Cramming basics of programming and basics of programming into one course is a lot of things to teach. If compared to our department's normal elementary programming course, the amount of topics is most likely doubled. The saving grace is motivation. However, in retrospect I should have probably reserved more time for the basics of basics. This time I got away with it, if only because everyone actually attending the course knew at least something about programming. Although this also means we didn't exactly reach our intended target audience. The first note to self: the course needs to be longer or some topics, no matter how useful they would be, need to be dropped.
The idea that motivation is higher when the topic is truly interesting is not surprising. From some comments, and some impressions I had while teaching, the course did seem to embody this idea. Our topics were more advanced and they were introduced on a quicker pace. Most people were still able to keep up. The course implementation suggests that those who didn't should have come up to speed on their own time (around 10 hours per week were scheduled for independent learning). It is safe to say however that motivation is clearly not enough to make this really really work as an introductory course.
My teaching paradigm can be summarized into a few words: "Provide impressive results early and often". Students on a programming should get their hands dirty within the first hour. This is not unlike games - the player needs to achieve something within the first five minutes or so. Drawing objects on the screen is in fact very easy when using XNA, so this requirement was definitely met. This I found to be in general a good thing when teaching game programming. Results are highly visible. Especially in the beginning. Once they know how to make a sprite move, the students are hooked. Then it is possible to move into the nitty-gritty of programming for a while. When they start to get bored again, it's time for more impressive stuff.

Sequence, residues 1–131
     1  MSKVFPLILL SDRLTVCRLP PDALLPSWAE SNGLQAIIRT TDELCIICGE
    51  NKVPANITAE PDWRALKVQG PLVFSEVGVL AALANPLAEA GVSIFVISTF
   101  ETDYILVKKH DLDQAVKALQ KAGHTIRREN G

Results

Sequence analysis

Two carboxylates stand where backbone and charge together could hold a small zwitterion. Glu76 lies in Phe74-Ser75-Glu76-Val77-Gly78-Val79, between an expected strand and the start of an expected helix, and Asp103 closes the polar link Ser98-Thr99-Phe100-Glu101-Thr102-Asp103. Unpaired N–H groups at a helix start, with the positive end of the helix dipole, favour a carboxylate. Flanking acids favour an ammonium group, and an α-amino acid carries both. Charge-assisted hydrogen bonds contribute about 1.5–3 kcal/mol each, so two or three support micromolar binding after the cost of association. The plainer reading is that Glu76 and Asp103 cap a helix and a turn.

I still need to work a bit on this almost game-like course structure but I do think it definitely works. Starting with the easy stuff might sound like the way to go, but I think it's better to go for the impressive first even if it is a bit harder. Another really good thing about game programming is teaching object oriented programming. It becomes a lot easier if the objects are actual sprites on the screen. You can almost touch them, that's how concrete they become. OOP in general is one of the harder programming concepts to grasp but also one of the most important. Therefore it's really good if we can make it more accessible. In game programming it's also quite impossible to get very far and stay sane without using OOP.
To summarize, I think my teaching ideas are sound in principle but I need more experience. This course was just an experiment, but we're hoping to make it into a real course in the future. This will be my chance to improve it further, and of course improve my teaching at the same time. In the meanwhile, I'm teaching normal elementary programming for the next ten weeks, which will be another chance to improve my teaching abilities.
Next month I can follow up on this after seeing the assignments and feedback from students.